From a Wisconsin Bar Proceeding report, 1901.
The first politician to be profiled in today's three part article is Ithamar Conkey Sloan, a transplant from New York to Wisconsin. Following his resettlement, Sloan established a reputation as a prominent attorney in Janesville and was later elected to two terms in Congress. Born in Morristown, New York on May 9, 1822, Ithamar Conkey Sloan was the son of Henry Scott and Maud McKenney Sloan. He was bestowed his unusual first and middle names in honor of Ithamar Conkey (1788-1862), a distinguished political figure and judge in Pelham, Massachusetts.
Young Ithamar attended the commons schools of Morristown and early in life began reading law under Timothy Jenkins. Admitted to the New York State bar in 1848, Sloan married in 1852 to Celestia Eliza Spears (born 1831) in the town of De Ruyter, New York. Two sons would be born to their union, Francis and Charles Ithamar (born in 1857). Six years after being admitted to practice law Sloan removed to Wisconsin and established roots in the then-burgeoning city of Janesville.
Within a few years of his relocation, Sloan's name became a prominent fixture throughout law circles in Wisconsin, and in 1860 he was elected to the first of two terms as Rock County District Attorney. Three years later he was elected to the U.S. House of Representatives from Wisconsin, defeating Democratic candidate Joshua J. Guppy (1820-1893). Sloan served two terms in Congress (1862-1866) and would serve on the house committees on Public Lands as and Expenses of the War Department.
After returning to Wisconsin in 1867, Sloan returned to his earlier career as an attorney and in 1875 became the Dean of the University of Wisconsin's Law Department. He retired from this office in 1889 and died on December 24, 1898 at age 76. Sloan was subsequently interred at the Oak Hill Cemetery in Janesville, Wisconsin.
Next up is Ithamar Martindale Howell, an Iowa resident who later became Secretary of the State of Washington. Howell was born in Waukon, Iowa on February 18, 1866 and immigrated to the Washington Territory with his family in 1877. Howell attended Monmouth College in Oregon as a young man and within a few years became an important figure in the burgeoning Puget Sound business community. During the 1890s he became Secretary of the World Printing Company, and during this time also developed an interest in mining. This interest eventually led Howell to become the Secretary and Treasurer of the Peco Free Milling and Mining Company.
With his name firmly established in the Washington Territory, Howell began to dabble in politics in 1899, winning election as Pierce County Assessor. Ten years later he was named by then Washington Governor Marion Hay as the Secretary of the State of Washington, and was twice reelected to that office. Howell served eleven years in this post, dying in office on July 13, 1920 at age 54.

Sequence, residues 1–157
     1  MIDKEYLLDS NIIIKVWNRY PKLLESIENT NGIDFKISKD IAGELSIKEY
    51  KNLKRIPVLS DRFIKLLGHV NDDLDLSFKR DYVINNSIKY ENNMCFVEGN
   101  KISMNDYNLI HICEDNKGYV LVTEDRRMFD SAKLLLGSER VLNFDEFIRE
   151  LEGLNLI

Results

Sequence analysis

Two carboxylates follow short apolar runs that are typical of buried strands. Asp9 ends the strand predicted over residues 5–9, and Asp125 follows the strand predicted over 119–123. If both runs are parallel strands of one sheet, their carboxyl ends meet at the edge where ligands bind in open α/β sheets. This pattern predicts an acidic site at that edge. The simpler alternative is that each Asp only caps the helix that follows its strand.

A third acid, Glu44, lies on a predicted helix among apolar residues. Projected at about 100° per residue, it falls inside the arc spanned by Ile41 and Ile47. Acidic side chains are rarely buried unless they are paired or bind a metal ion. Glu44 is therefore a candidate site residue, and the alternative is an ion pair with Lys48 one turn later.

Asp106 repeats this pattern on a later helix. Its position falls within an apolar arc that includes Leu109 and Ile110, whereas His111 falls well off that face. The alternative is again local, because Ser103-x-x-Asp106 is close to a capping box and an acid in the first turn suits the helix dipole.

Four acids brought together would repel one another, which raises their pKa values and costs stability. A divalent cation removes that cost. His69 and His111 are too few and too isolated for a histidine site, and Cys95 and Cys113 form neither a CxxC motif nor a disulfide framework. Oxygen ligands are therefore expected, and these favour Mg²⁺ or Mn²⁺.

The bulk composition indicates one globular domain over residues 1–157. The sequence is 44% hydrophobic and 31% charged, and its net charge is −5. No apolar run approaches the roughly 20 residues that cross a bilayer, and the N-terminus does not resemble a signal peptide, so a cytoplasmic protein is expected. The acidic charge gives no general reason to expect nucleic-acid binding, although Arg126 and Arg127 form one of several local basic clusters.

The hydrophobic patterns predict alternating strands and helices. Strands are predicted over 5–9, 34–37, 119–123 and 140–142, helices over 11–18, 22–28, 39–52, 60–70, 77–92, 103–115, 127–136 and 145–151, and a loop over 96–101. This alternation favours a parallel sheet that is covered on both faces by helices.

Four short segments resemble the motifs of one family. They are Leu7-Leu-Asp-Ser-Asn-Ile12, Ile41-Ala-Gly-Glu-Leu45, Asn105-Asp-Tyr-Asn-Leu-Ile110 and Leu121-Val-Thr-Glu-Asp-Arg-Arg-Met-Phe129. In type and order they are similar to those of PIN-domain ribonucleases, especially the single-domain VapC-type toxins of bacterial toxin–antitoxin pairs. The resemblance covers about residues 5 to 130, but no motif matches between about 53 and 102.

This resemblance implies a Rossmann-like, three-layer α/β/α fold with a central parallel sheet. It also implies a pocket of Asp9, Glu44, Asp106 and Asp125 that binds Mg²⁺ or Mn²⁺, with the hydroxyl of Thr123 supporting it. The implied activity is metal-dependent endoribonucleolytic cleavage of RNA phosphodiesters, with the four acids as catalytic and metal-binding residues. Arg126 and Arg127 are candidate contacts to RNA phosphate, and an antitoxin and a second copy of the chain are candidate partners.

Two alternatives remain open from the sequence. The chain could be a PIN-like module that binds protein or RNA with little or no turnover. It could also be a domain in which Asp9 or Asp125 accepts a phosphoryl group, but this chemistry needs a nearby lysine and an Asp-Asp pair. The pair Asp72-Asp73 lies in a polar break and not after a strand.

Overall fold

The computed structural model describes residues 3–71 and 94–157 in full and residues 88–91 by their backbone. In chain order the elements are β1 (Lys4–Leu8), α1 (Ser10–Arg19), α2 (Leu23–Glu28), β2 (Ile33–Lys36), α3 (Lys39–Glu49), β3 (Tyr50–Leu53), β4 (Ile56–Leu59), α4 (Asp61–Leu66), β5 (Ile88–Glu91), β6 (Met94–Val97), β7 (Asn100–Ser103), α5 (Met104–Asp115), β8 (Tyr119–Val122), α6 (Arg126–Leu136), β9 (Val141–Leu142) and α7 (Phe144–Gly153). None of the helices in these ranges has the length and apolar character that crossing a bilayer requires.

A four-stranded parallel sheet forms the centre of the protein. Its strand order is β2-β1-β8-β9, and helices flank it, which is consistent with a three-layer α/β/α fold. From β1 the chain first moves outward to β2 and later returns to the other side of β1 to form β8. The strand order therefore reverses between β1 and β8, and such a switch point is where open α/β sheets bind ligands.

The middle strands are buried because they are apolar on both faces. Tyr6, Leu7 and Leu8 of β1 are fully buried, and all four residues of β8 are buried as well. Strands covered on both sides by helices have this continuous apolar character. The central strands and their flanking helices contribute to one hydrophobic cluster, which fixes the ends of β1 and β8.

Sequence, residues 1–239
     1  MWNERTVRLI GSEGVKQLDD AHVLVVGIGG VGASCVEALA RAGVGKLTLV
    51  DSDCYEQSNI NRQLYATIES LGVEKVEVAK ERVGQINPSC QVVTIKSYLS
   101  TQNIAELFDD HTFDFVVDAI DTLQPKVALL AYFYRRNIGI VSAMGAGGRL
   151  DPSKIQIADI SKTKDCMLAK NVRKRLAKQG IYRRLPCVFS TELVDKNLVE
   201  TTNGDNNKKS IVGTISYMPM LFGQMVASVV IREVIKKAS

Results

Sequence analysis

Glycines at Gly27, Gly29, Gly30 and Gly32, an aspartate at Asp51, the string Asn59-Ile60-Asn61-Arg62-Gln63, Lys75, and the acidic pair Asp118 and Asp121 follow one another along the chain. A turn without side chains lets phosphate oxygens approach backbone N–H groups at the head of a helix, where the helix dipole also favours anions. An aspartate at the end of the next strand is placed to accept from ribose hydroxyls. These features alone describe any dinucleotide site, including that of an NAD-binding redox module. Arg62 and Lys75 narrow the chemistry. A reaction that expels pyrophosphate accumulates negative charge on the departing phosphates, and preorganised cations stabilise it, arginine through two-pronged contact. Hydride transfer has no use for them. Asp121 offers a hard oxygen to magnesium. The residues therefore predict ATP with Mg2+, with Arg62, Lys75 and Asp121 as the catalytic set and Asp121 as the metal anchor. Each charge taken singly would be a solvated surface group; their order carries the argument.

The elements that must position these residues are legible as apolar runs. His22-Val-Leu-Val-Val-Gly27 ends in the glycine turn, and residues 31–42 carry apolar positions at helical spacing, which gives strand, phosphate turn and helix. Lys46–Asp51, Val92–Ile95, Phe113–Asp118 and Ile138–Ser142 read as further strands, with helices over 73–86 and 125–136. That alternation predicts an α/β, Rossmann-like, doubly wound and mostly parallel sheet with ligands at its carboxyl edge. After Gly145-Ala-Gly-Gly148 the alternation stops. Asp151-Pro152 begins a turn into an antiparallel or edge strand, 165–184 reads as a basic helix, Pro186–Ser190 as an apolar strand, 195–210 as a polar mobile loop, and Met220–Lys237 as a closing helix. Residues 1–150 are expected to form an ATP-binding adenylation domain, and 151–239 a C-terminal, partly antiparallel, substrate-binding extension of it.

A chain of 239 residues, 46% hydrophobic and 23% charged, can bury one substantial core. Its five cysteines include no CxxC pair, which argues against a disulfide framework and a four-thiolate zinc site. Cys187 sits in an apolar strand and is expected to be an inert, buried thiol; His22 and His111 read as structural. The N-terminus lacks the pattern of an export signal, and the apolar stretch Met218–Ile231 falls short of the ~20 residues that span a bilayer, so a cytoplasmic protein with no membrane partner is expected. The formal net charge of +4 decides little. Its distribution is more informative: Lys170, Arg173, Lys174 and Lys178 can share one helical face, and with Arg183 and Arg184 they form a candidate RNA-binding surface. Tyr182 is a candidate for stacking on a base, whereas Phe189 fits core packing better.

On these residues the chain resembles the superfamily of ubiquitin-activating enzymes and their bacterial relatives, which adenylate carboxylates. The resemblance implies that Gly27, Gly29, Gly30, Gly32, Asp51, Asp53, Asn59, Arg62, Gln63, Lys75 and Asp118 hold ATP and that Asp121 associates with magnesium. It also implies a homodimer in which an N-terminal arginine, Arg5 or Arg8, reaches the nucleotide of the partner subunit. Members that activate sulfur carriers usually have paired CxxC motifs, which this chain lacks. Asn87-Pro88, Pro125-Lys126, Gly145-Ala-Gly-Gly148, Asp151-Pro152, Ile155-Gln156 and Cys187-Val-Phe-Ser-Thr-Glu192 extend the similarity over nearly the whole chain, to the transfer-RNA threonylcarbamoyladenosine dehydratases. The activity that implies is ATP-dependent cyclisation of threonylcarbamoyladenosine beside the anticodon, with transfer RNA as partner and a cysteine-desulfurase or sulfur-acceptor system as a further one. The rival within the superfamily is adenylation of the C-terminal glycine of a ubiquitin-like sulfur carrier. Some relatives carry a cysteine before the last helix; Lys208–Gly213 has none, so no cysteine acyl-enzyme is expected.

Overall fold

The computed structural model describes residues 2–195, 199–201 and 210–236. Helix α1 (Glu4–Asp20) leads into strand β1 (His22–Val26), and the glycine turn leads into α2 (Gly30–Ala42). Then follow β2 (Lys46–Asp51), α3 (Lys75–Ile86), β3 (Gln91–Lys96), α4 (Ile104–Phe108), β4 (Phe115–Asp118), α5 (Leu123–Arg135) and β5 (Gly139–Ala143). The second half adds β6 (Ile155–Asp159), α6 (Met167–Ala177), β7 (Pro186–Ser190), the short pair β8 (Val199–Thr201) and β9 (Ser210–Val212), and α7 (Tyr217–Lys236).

A prominent resident of Middlesex County, Massachusetts during the mid 19th century, Ithamar Warren Beard was born in the aforementioned county on September 3, 1814. Beard studied law in New Hampshire and eventually established a law practice in Pittsfield, New Hampshire in 1842.
Beard moved back to Massachusetts during the mid-1840s and was nominated by the state Democratic party for a seat in the State Senate. He lost this election but eventually won the Senate seat in November 1851, with his term commencing at the start of the following year. After serving one term in the state senate Beard was named as the Assistant U.S. Treasurer at Boston. He served in this post for seven years, and in 1860 was named as cashier of the custom house of Boston. Beard's tenure in this office was cut short by ill health, and he died at age 48 on October 31, 1862.
Hailing from the town of Amherst in Hampshire County, Massachusetts, Ithamar Francis Conkey was born in that town on March 23, 1823, the son of Judge Ithamar Conkey and his wife Elizabeth Clapp. He attended schools local to Amherst and went on to study at the Amherst College in 1843, but left before completing his studies. He eventually decided upon a career in law and after a period of study was admitted to the bar and launched his practice in Amherst in 1844. He married in that town on June 15, 1847 to Luthera Cutler (1826-1885), with whom he would have the following children: Jane Cutler (1848-1905), Edward (1850-1919), Lizzie (1853-1855) and Samuel (1856-1857).
In the succeeding years, Conkey built up a successful law practice, and with it a reputation as one of Amherst's leading men of affairs. In the year of his marriage he was named as a justice of the peace and in 1852 was elected to the Massachusetts State House of Representatives from Hampshire County. He served in the legislative session of 1853-54 and in 1856 was elected as District Attorney for the Northern District of Massachusetts.
In addition to his time in public office, Conkey was active in a number of civic organizations, such as the Hampshire Agricultural Society, secretary of the Amherst Lyceum, the Masonic Grand Lodge of Massachusetts, and was a vestryman in the Grace Church of Amherst. Ithamar F. Conkey died in Amherst on August 8, 1875 at age 52 and was survived by his wife Luthera, who died in 1885. Both were interred at the West Cemetery in Amherst. The above portrait of Ithamar F. Conkey appeared in volume one of the History of the Town of Amherst, Massachusetts, published in 1896.